Emerging/emergent: a recent development in the Christian church, across the globe, concerned with a variety of issues and practices. In my paper, I see four strands contributing to the emerging “conversation” or “movement”: it is postmodern to one degree or another, concerned with praxis (such as worship style, missional orientation, justice, community fellowship), responding to evangelicalism as a kind of postevangelicalism, and committed to political action. One of its distinctives, in general, is commitment to local, small, community-shaped groups — small churches, house churches, simple churches, and even “churches without worship services.” Frequently reacting to megachurches and seeker churches. It is having an international impact; in various locations it has different emphases. Emergent is an official organization in the USA and UK; it is directed by Tony Jones. A good example of an emerging-type church is Solomon’s Porch in Minneapolis. A distinctive, centrist voice is found in Andrew Jones (Tall Skinny Kiwi).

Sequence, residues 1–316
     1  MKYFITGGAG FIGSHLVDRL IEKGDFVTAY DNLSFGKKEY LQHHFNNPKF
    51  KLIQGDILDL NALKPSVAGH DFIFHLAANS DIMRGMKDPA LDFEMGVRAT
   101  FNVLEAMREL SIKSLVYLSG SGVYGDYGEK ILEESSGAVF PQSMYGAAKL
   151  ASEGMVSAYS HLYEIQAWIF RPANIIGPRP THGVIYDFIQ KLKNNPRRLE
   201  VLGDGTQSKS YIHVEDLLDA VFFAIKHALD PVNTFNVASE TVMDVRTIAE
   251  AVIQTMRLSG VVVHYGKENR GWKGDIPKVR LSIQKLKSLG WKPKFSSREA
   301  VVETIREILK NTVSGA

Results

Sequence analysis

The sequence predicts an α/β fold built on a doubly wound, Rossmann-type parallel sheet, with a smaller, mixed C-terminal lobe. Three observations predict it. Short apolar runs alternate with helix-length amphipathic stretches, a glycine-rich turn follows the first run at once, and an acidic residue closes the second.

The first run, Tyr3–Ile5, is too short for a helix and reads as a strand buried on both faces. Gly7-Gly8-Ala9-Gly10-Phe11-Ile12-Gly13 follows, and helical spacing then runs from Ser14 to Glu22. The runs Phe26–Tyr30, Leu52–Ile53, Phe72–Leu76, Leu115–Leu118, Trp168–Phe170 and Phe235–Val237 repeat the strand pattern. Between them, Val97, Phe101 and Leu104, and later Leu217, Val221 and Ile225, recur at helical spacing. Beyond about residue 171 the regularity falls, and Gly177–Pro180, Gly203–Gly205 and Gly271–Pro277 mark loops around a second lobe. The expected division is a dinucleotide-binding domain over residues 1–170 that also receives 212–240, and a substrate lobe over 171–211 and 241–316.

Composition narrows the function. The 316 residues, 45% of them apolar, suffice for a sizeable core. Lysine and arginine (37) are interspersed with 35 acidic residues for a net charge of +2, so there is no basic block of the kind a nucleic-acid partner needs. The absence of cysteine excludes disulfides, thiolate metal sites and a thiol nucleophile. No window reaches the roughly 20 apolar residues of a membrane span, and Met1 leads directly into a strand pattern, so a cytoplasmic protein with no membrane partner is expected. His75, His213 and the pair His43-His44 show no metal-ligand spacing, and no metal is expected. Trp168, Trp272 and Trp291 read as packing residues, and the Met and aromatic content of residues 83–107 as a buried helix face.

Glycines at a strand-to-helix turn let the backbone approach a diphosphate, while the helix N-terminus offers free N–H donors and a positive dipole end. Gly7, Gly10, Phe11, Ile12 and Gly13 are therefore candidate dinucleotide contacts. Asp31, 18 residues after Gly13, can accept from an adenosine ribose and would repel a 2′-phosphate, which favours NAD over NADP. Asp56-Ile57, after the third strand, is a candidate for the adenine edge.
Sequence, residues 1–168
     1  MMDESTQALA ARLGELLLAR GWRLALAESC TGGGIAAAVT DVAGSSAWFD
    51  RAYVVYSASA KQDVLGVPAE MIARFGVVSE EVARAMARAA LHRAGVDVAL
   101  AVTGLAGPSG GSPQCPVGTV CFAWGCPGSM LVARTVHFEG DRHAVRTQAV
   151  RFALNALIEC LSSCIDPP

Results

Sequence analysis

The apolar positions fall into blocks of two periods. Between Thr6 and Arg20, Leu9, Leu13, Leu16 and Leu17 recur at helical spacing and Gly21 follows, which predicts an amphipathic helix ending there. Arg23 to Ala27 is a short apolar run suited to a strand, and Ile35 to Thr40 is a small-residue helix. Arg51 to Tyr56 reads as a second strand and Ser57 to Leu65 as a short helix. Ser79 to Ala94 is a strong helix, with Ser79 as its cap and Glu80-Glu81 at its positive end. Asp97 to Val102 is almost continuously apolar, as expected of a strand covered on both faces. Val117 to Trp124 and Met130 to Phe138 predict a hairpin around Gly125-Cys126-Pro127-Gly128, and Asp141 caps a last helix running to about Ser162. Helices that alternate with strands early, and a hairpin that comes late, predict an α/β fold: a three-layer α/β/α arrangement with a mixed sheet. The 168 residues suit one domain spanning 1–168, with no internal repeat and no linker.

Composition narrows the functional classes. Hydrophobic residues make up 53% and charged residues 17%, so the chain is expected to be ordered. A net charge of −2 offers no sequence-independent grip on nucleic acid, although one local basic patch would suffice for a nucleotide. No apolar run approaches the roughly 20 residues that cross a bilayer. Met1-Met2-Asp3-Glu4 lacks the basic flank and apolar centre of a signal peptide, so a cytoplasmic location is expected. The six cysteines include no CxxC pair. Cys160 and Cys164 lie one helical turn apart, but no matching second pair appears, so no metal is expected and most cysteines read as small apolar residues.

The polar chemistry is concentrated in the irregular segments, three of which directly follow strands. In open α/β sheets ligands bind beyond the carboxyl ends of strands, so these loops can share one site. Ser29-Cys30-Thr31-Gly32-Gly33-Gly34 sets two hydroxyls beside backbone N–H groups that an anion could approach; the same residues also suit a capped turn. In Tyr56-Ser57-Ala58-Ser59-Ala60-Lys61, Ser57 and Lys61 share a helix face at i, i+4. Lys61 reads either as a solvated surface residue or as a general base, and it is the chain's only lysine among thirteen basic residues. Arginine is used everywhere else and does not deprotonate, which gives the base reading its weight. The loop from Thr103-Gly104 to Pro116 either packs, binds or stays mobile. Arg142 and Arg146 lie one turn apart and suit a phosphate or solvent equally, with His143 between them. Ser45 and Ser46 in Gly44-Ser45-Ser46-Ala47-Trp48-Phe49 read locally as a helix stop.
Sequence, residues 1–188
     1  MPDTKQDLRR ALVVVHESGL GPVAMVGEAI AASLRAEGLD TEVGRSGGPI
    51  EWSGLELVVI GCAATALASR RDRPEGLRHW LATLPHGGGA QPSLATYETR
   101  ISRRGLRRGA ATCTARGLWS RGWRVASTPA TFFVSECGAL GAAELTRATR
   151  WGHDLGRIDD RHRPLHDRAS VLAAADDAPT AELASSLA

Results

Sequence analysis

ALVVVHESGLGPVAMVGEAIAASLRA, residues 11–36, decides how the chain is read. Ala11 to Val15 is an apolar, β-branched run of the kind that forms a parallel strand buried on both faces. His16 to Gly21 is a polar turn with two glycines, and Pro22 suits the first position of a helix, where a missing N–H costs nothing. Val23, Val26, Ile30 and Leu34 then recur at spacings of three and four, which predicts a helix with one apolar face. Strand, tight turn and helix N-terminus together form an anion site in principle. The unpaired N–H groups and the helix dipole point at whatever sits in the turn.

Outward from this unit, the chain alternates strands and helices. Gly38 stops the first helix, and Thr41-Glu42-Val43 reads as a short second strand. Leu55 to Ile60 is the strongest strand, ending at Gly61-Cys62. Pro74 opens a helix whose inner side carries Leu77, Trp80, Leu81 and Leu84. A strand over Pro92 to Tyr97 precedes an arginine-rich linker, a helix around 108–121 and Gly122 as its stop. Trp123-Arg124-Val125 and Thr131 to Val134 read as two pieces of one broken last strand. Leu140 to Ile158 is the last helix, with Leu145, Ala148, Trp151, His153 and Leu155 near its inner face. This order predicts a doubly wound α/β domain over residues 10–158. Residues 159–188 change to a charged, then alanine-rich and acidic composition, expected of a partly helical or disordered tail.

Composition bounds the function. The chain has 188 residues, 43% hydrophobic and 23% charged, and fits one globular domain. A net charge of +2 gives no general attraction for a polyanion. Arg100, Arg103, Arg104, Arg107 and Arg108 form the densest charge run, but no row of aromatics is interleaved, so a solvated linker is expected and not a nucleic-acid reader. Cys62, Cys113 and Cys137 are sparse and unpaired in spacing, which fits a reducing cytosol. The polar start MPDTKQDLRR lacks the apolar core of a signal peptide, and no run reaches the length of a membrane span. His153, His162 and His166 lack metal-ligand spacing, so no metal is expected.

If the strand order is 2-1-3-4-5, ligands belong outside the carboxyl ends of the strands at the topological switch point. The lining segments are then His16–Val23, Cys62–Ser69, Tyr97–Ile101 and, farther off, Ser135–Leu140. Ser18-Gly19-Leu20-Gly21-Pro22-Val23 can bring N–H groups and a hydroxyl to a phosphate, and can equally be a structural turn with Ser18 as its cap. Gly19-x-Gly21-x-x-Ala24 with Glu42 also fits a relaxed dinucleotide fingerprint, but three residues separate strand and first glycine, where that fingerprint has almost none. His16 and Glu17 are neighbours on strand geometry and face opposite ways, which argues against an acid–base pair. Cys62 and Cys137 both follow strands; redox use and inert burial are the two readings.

Emerging churches: Emerging Churches are missional communities emerging in postmodern culture and consisting of followers of Jesus seeking to be faithful to the orthodox Christian faith in their place and time
Eschatology: the study of “last things” (eschaton); inaugurated eschatology means that the last times have already begun in Jesus Christ.
Hermeneutics: the science and art of reading, especially applied to the science and art of reading and interpreting the Bible. One’s “hermeneutic” refers to an individual’s overall approach to the Bible — as in covenant approaches, dispensational approaches, postmodern approaches, liberation approaches, and feminist approaches. (There are plenty more.)
HT: Hat tip; my thanks to.
Imago Dei: Latin for “image of God”; see Eikon.
Missional: a term favored by emerging Christians for the mission of the Church. It begins with the Mission of God (often called missio Dei) in this world; it is holistic — including both evangelism and social action; it does not divide evangelism from social action. It’s central concern is to incarnate the gospel in a community; it is concerned with reaching out (“How can we help?”) along with attracting folks “to church.” Missional can be used to define a local church while a missionary is one who sent by a local church to another country (to become missional there).
Monergism: God is sovereignly in control of all that happens and determines all that happens.